Make sure people know that being late or skipping the meetings is unacceptable. This is where the really hard work of the team will get done and they will be needed.

5. Always Start On Time And Follow The Agenda

Meetings should always start and end on time and progress according to the schedule. Make sure you have some simple techniques to keep the meeting on track and moving smoothly. This will keep people on track and satisfied that the meetings are actually solving key issues. Here are some tips:

  • Make sure you have a decisive way to start the meeting, such as closing the door
  • Make sure you keep a watch or a clock to take note of when your time might be running short. A 5 minute timer is very helpful.
  • If you are getting to the end of your meeting but the team is still discussing, make sure you interject by asking if a second meeting should be scheduled to continue the  discussion

If your meeting is nearing the end a bit earlier than expected,this could be a sign that your users are not ferreting out all the needed issues. Still, if there are no issues to solve, lets get back to execution of the business.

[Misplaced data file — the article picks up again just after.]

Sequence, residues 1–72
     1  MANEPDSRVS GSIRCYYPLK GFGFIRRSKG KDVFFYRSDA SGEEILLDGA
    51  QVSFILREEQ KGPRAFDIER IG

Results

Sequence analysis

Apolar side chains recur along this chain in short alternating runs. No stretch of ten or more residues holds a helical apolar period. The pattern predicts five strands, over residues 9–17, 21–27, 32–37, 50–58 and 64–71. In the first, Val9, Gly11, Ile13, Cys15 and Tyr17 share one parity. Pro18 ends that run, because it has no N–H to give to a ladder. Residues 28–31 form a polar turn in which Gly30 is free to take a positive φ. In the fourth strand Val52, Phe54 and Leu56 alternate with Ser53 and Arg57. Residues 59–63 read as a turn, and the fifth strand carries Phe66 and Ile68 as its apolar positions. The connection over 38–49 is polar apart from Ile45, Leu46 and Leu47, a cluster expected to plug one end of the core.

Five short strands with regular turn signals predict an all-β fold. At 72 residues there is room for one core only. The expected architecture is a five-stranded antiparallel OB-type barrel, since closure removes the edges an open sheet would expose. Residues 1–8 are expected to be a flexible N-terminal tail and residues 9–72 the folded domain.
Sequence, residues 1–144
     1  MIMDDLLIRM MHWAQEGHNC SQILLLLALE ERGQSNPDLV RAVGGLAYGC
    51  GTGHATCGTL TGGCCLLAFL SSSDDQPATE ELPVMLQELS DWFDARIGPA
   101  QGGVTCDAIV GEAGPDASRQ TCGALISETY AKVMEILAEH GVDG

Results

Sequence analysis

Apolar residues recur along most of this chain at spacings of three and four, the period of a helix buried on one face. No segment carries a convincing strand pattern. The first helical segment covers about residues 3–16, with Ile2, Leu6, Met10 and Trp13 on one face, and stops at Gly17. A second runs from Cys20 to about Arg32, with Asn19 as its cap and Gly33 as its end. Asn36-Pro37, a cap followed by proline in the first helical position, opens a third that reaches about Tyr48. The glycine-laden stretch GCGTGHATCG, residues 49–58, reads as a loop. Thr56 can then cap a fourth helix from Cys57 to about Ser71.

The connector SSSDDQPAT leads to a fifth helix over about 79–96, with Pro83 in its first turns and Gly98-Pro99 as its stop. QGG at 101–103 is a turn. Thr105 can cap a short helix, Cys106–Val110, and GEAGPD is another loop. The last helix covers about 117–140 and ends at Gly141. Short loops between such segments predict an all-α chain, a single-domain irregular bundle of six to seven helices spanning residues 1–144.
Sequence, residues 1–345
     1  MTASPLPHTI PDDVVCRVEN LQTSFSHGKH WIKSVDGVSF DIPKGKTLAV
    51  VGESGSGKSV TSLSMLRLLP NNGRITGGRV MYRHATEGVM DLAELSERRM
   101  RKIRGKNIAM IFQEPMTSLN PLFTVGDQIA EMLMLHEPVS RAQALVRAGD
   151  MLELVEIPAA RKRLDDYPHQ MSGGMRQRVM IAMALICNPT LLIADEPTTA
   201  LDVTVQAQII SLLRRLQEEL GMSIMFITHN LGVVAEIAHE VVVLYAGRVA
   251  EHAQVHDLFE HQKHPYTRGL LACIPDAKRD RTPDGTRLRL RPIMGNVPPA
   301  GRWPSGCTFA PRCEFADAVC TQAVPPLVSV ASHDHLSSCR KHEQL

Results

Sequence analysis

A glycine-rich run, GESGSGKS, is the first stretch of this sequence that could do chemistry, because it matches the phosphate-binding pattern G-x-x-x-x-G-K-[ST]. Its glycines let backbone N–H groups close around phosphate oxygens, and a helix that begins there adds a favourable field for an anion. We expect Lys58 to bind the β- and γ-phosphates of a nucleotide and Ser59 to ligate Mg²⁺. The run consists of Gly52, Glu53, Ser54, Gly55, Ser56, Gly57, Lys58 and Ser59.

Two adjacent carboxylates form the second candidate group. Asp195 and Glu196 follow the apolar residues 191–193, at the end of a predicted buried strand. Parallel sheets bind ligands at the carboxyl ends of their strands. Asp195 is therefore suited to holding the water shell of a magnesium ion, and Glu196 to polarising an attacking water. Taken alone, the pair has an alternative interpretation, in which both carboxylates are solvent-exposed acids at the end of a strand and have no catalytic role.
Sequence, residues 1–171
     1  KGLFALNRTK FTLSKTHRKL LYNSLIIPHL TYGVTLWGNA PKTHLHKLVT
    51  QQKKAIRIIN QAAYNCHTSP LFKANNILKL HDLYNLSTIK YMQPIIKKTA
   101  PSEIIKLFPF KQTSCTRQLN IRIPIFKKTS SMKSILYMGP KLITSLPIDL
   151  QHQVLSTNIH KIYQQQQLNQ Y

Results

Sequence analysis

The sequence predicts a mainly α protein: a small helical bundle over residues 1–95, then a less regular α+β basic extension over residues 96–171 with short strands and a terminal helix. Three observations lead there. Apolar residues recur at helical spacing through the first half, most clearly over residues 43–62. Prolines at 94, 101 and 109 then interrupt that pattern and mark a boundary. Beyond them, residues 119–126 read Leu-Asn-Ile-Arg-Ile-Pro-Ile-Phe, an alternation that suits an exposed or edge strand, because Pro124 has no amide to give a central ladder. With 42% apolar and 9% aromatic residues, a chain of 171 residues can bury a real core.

6. Encourage and Direct Discussion

Discussion happens during the Issues Segment. Here is where the fun begins.

Go over all the issues on the list and do the following:

  • Kill old issues that are no longer an issue
  • Combine issues that relate to each other.
  • Keep current issues
  • Review each issue for clarity about what it means. (do not discuss it at this point other than to get clarity.
  • Vote on which issues to tackle. Each member gets 3 votes, and they can spread them out or put them all on one issue.

Now, take the issue that gets the most votes and start the IDS Process. Take the first issue and solve it like this.

IDS stands for Investigate-Discuss-Solve:

  • Investigate to discover the Core Issue. Don’t just discuss the issue. Make sure you are talking about the root cause, and not just a symptom. You can use tools like “5 Whys” or Fishbone Diagrams to ensure you are discussing the right thing, but do not go further until you are sure you are talking about the Right Thing.